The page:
Last month, Ek said the company is spending too much money, but it’s Spotify’s “willingness to spend money to the point of loss-making [that] has been a key factor” in its dominant market position, said Tim Ingham, a music industry analyst and founder of trade publication Music Business Worldwide.
When it launched in 2008 in Europe and 2011 in the US, Spotify presented a third option for accessing music: instead of paying for CDs or risking piracy, users could rent access to more or less all the world’s music for a monthly fee, or in exchange for listening to ads.
Working on the – correct – assumption that listeners would pay for a better experience powered by a music recommendation engine, Spotify settled for royalty terms that proved to be unfavorable long term.
Spotify profits are low, but don’t feel too sorry
One way that Spotify’s managed to stay ahead of deep-pocketed competition is additional features tailored to premium users. The success of a yearly Spotify Wrapped, with quirky graphics and insight into our listening habits, has kept the service ahead.
It’s most recent made-for-you addition is the Daylist, a playlist updated three times a day with songs in the genre you tend to listen to on, say, Friday afternoons. What makes the Daylist unique?
The algorithmically generated playlist comes with a title: you’ve never thought of it as a “wistful power ballad wednesday morning” (fashionable lack of capital letters included) but hey, you guess you do listen to a lot of Adrienne Lenker to get you over Humpday.
Although the feature was introduced in September 2023, it wasn’t until a recent Instagram story template went viral that the feature got widespread attention. Since then, searches for the feature on Spotify have spiked nearly 20,000%.
The genius of the feature – and the Instagram prompt that says “Don’t tell me your astrology sign; I want you to go into Spotify, search for your Daylist and post the title it gave you” – is positioning Daylists as a form of introspection.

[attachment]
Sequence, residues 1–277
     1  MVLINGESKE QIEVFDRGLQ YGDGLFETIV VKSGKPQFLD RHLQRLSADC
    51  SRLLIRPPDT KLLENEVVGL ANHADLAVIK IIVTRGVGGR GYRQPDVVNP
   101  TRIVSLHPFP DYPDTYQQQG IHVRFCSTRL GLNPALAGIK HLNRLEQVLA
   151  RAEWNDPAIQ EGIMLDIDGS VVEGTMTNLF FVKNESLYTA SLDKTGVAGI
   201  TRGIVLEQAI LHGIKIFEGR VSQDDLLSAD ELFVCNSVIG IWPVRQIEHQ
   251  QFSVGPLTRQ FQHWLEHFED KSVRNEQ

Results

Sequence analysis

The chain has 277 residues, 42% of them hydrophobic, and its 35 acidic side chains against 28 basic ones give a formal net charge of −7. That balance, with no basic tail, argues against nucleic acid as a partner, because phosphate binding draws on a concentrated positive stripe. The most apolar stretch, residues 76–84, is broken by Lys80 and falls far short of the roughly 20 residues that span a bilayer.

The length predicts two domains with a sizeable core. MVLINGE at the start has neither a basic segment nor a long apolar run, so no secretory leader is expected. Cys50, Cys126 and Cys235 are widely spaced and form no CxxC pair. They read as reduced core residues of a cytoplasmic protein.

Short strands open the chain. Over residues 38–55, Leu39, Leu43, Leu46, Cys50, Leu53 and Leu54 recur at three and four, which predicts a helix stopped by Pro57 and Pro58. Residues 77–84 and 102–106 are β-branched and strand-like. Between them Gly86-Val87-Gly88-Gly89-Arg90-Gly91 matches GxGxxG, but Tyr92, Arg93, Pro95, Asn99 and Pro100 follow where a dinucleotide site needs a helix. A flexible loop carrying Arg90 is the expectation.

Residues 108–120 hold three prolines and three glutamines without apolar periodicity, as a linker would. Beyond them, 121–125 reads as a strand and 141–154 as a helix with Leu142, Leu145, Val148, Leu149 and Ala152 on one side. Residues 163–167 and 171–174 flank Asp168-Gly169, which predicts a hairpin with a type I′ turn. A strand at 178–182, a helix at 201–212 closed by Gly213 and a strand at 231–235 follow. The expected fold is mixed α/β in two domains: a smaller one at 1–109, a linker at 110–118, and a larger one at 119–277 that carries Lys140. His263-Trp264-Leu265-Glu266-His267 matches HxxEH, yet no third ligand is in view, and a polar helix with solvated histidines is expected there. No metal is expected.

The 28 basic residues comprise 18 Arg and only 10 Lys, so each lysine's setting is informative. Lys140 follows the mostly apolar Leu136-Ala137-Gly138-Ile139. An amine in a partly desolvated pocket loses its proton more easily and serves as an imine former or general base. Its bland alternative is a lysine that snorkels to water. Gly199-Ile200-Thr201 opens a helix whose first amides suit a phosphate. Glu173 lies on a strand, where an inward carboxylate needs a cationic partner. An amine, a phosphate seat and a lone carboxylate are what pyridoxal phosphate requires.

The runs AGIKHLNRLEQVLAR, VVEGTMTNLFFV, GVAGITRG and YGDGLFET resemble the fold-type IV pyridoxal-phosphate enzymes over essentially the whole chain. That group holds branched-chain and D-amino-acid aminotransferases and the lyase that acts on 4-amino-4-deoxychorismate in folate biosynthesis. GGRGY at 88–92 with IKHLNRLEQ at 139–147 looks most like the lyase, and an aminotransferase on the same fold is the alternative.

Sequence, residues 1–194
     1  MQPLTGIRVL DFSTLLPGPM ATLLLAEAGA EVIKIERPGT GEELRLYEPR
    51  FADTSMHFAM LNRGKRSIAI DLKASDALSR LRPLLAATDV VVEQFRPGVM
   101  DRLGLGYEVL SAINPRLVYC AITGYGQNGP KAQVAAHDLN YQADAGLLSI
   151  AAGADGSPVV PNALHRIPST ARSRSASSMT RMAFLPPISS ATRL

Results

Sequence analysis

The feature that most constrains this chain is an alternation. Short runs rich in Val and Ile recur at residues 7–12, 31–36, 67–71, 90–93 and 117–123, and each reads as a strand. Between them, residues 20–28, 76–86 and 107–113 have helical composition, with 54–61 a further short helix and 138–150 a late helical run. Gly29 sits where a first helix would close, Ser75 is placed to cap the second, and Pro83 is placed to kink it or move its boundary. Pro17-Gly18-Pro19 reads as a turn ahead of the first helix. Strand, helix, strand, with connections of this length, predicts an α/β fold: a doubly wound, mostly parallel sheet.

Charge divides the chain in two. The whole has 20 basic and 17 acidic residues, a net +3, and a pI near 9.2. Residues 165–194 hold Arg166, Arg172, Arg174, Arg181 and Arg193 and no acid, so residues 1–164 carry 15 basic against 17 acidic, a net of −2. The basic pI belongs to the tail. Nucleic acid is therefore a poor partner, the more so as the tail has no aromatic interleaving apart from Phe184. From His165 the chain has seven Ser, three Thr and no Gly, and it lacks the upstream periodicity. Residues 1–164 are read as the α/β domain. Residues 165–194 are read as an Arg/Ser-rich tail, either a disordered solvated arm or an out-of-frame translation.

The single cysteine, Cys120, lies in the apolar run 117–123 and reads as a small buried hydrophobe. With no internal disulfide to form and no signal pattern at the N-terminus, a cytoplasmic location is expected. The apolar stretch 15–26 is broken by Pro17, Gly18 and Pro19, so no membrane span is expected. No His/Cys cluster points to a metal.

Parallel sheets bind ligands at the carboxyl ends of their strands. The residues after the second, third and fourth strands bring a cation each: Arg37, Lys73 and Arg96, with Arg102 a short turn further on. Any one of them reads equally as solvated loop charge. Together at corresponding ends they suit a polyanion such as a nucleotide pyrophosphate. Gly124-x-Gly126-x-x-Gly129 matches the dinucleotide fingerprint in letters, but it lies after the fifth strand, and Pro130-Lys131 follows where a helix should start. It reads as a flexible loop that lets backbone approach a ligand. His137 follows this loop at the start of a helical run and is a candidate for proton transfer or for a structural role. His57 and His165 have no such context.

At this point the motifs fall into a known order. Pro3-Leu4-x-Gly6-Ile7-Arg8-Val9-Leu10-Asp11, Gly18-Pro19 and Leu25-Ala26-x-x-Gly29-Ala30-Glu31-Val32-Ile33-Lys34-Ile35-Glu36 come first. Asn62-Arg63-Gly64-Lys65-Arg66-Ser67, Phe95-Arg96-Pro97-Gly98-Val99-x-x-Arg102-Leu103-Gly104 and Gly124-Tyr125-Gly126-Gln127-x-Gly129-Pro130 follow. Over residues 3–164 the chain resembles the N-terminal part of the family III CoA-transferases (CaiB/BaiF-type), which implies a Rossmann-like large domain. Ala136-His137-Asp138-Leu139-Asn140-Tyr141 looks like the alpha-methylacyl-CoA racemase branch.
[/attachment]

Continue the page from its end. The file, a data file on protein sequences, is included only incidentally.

Like astrology, such forms teach users something about themselves and give us an easy shorthand to make that known to others. It isn’t that you’re stubborn; you’re a Taurus! You aren’t dreading going back to work, it’s just a “somber soul crushing monday morning!”
The hyper-personalization of Spotify’s algorithmic features capitalize on the same impulse that the astrology boom has: instead of helping people discover new music, it helps them discover themselves. As the adage puts it, if you’re not paying, you’re the product. Nobody historically has realized quite how keen people would be to buy a definition of themselves.
The success of the Daylist feature probably has its creator enthroned at the top of the Spotify office, smugly assigning a “lonely classic saturday evening” to Wings fans across the globe. Right?
A bad track record
Glenn McDonald, the curator of the expansive musical map and database EveryNoise, worked as a “data alchemist” at Spotify. His comprehensive musical databases are responsible for powering everything from Discover Weekly playlists to Daylists.
Then, when 17% of staff were cut from Spotify in December, McDonald was among them. This isn’t the first time Spotify has proven itself to be in it for something other than the music.
Just after 2023’s Spotify Wrapped went live and users were served sandwiches of their top genres that year, Damon Krukowski of Galaxy 500 fame wrote that “Spotify made £56m profit, but has decided not to pay smaller artists like me.”
It’s an issue that some artists have been vocal about for years: Spotify profits are low, but it pays nearly 70 cents of every dollar it earns from music streaming to music labels and other rights holders. Yet, the maximum a musician earns from Spotify royalties is $0.003 per stream.
Shouldn’t it be the other way round?
So: as it struggles to turn its concept into profit, Spotify is accusing Apple of profiteering, all the while underpaying or outright firing the people responsible for its success.
Maybe dry your tears, Spotify, and reward those responsible for the profits you get?
22 February 2024
22 February 2024
21 February 2024